Appendix A has been derived from the following:
American Society for Testing and Materials (ASTM). (January, 1996). Provisional Standard Guide for Accelerated Site Characterization for Confirmed or Suspected Petroleum Releases. ASTM Designation: PS 3 - 95
The purpose of this appendix is two-fold. First, to describe an accelerated site characterization process that can be used to generate near-real-time information about the nature and extent of contamination at a site. Secondly, it identifies where and when to use the field analytical and sampling technologies described in this Reference Guide. There are really two goals to be achieved in implementing the accelerated site characterization process. The first is to generate enough data of the right kind and quality to allow decisions to be made concerning the appropriate level of clean up. The second is to gather the data and information in a single mobilization1. This appendix describes the six steps in the accelerated site characterization process and the points in the process where field analytical technologies and sampling methods can be used.
The typical approach to site characterization is to visit the site two or more times to collect information necessary to make remediation decisions. This iterative characterization process is necessary because analysis results are often provided to the decision-makers weeks or months after sample collection. Data generated by field analytical technologies are not relied on as much as data generated by off-site, fixed laboratories. If any information needs are not met, then an additional visit or visits to the site are necessary. For each site visit a work plan needs to be prepared and approved, contractors must be identified and contracts negotiated and awarded. Obviously, making multiple visits to a site can delay a final decision or action for months or even years.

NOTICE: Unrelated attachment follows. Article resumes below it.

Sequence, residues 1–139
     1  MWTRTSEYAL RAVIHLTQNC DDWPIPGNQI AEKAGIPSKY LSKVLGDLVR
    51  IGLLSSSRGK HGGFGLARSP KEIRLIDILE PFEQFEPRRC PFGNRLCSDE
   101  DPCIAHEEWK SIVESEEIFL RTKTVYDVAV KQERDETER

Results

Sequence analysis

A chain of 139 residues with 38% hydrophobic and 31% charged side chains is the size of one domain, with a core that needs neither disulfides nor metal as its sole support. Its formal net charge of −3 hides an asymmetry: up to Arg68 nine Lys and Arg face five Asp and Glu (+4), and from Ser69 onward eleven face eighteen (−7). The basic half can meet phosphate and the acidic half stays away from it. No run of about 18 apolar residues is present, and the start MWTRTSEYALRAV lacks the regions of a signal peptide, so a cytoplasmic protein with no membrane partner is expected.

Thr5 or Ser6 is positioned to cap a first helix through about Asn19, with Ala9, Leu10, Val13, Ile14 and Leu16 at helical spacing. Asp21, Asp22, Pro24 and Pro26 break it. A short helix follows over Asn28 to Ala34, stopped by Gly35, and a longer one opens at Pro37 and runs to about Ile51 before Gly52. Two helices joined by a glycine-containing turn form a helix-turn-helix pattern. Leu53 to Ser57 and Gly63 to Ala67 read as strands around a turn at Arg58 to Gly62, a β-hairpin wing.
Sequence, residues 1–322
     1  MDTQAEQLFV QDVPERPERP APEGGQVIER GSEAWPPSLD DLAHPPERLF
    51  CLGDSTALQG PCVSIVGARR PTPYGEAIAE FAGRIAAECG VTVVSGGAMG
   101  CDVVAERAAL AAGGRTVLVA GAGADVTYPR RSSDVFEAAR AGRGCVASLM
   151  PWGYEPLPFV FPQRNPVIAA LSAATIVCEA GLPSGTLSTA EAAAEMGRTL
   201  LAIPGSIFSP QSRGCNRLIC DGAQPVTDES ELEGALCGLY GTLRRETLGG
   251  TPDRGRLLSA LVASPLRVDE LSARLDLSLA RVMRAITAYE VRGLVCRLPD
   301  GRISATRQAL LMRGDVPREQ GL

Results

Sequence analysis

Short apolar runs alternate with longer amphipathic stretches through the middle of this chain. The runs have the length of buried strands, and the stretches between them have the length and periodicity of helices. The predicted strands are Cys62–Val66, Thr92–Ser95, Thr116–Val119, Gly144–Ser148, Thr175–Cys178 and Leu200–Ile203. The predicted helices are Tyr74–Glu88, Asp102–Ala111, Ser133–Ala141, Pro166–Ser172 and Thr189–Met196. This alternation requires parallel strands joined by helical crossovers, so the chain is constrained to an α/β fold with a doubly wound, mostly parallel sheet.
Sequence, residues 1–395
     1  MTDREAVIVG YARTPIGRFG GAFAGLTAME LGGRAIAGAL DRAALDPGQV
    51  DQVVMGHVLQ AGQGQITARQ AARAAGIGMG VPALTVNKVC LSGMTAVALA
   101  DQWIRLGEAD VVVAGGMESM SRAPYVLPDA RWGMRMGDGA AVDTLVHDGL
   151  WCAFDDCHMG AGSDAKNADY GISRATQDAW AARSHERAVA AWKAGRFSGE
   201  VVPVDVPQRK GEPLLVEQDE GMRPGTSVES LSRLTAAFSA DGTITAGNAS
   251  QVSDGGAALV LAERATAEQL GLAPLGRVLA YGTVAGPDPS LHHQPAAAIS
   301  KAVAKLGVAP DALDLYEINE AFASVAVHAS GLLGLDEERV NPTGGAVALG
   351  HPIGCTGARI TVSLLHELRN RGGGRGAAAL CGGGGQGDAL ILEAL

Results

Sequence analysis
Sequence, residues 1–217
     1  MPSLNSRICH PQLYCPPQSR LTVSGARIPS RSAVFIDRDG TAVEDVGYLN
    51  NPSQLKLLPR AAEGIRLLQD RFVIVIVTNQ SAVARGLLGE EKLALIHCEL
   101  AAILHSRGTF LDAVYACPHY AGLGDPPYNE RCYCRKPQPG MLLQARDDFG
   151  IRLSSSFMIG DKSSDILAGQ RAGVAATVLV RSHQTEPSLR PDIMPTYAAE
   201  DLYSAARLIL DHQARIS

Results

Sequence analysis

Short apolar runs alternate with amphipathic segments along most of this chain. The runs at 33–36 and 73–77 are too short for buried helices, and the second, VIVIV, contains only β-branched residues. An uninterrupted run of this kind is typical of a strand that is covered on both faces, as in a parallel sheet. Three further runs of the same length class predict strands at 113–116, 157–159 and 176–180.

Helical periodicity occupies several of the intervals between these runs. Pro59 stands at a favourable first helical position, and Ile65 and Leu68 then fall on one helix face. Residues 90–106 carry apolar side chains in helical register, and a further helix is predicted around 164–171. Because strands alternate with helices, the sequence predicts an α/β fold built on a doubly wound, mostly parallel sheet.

The accelerated site characterization approach is not a panacea nor are field analytical methods intended to replace fixed analytical laboratories. An expedited process for delineating, to the fullest extent possible, the source(s), extent, and concentration of contaminants at a site has been shown to be a cost effective and efficient process. Field analytical techniques produce near-real-time results, allowing decision-makers to identify additional sampling locations during the mobilization. The overall characterization effort can be precise and efficient by combining on-site analytical results with those generated by fixed laboratories.
Effective implementation of this process requires an on-site field manager who can interpret results, communicate with the stakeholders2 , and who is empowered to make decisions in the field. Involvement of the stakeholders early and continuously in the process is critical to the success of the process. In addition, generating the proper documentation is also necessary so that decisions made in the field can be defended at a later date.
The Accelerated Site Characterization Process
The Accelerated Site Characterization process has six major steps as summarized in Figure 1.
Step 1 - Develop the Conceptual Model